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A Ship Of Fools
Published on Tuesday, 04 May 2010

This assignment caught me out of the blue. A passing mention that I wanted to see some experimental theatre and an open slot on FringeGuru's schedule found me sitting on a bus – in some glorious evening light – with a woman dressed as a ship's captain asking me for the sea conditions.  The bus driver was slumped at the wheel, a vampish woman in an eye-patch tottered down the aisle and a jutting-jawed accordion player (in safety goggles) serenaded us.

I was, through serendipity and destiny, aboard A Ship of Fools, an experimental ensemble performance directed by the irascible internationally-acclaimed performer Yael Karavan. I had no idea what to expect… and I never would have foreseen the bombastic, dramatic, melancholic performance I was about to enjoy.

A Ship of Fools is an unconventional, challenging, often magical show. The bus delivers us to performance space Coachwerks – a warren of rooms and corridors – for which this site-specific piece was designed. After Karavan offers a delightfully disturbing welcome, in character as a lecherous yet charming 'ceremony of masters', we enter a space where a buffet of individual performances are laid out for sampling before the main event. We must, we are told, let out hearts be our compass, as we move undirected through the spaces and places and have our own personal encounters with each performer's inner fool – coaxed out under Karavan's direction.

Here, each fool is alone, locked in a strange world of compulsive behaviour and craven inner demons. The programme tells us fools are characters that reside within us all; we could all allow our inner fools out to play. My stand-outs include Tama Daly as a woman entranced and confused by a variety of broken toys, and Bruno Humberto performing a shirtless roof top dance that is part Tai Chi and part tightrope walk.

During this section of the show, other cast members mingle with the audience, and overhearing glimpses of conversation between them is one of the show's highlights. Karavan's lecherous quasi-ringmaster yells at the eye-patch wearing vamp, 'Why you walk like you have a disease?' In return, she tosses, 'you love it,' over her shoulder, and Karavan, chuckling with desire, chases her into a side room.

At little later we take our seats to watch 80-something-year-old jazz singer Renee Ansell. Seeing Ansell perform Andrews Sisters and Louie Armstrong numbers, her voice quavering beautifully, is undoubtedly moving and captivating – and the cast's surreal dance performances are a delight.  But it also feels incongruous; it doesn’t belong in the show, and unbalances it. The danger with idea-laden surreal physical theatre like this is that it feels random – strange for the sake of strangeness – and the inclusion of something that didn't fit the overall theme of the show made the rest of the performance feel lesser. I can completely understand why any director would want to include the delightful Ansell in their show, but her appearance here can only be understood as a pleasant intermission.

After the musical interlude comes the main performance: a dance/physical theatre piece that appears to return to earlier themes of madness and melancholy.  Strands of depression, compulsion and hallucination wind their way through the individual segments, performed by the same company in new guises. Well-chosen costumes highlight the characters – from woman in a wedding dress to wide-boy. This piece culminates in a hilarious tussle between all the performers as they preen for an imagined group photograph, mercilessly shoving their co-performers aside until they end up in a heap on the floor at the front of the performance space.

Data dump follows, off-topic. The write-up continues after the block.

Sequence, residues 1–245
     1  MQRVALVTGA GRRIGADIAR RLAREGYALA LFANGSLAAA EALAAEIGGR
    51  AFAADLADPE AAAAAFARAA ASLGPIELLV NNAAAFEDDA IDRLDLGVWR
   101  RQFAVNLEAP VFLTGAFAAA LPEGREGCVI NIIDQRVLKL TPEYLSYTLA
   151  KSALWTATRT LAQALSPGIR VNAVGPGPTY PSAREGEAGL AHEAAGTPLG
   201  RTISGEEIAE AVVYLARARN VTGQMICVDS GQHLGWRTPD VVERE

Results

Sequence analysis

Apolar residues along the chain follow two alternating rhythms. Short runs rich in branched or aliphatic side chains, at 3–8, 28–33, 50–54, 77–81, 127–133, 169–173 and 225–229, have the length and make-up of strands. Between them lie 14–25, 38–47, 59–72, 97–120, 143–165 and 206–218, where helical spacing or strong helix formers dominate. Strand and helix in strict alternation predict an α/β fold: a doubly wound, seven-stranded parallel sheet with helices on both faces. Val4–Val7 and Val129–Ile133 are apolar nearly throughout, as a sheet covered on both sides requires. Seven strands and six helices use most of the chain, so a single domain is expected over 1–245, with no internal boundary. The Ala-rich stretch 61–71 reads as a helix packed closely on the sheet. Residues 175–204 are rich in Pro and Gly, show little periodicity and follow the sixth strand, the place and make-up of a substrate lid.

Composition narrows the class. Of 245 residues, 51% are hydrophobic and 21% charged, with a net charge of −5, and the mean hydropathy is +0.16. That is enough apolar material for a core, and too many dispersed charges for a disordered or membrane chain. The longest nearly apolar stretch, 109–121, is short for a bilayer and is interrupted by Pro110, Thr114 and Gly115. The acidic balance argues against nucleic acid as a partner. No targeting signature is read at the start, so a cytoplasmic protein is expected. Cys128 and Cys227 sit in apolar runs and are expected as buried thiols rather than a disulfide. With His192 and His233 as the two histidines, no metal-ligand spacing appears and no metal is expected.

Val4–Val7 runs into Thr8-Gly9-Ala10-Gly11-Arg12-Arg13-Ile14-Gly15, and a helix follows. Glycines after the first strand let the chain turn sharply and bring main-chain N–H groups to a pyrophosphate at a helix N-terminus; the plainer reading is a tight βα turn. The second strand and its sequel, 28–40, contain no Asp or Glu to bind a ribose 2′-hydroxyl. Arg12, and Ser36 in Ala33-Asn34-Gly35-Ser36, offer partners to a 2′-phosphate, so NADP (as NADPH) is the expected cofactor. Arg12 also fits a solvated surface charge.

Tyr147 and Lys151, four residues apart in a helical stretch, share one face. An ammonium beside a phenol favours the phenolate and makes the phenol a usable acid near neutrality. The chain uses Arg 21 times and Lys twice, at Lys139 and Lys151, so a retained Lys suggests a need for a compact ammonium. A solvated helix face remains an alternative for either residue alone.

The decision not to include Karavan in this part of the show is, on some level, a no-brainer. She is so charismatic that her performances – even the relatively simple dancing with members of the audience – make everything going on around her seem a little dimmer.  So it is fair enough to sideline her here, but I found myself missing her as this part of the show began to outstay its welcome.

Overall, A Ship Of Fools asks a lot of its audience. Sitting passively in the dark isn't on the agenda.  From the opening self-guided tour around the individual fools’ performances, to the demanding final piece, this is as far from popcorn viewing as it’s possible to get.  That's no bad thing – but it's not for everyone; this is the ultimate Fringe show, and you either love it for that, or you don't.

The end of the show offers and opportunity to join the cast, and eat the pizzas that have been cooking while we have been watching.  With a large table laid in the performance space, the fourth wall is not just broken but demolished, as the cast shed their costumes and characters and mingle with the audience breaking (cheese- and tomato-laden) bread.  As we all come together, we are reminded of the show's premise that all these characters – these fools – reside in us all; that we live with them in our daily life, hidden and suppressed, only sometimes emerging to play.  Dinner is served… and Karavan's show has made glorious fools of us all.

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These are archived reviews of shows from Brighton 2010.  We keep our archives online as a courtesy to performers, and for readers who'd like to research previous years' reviews.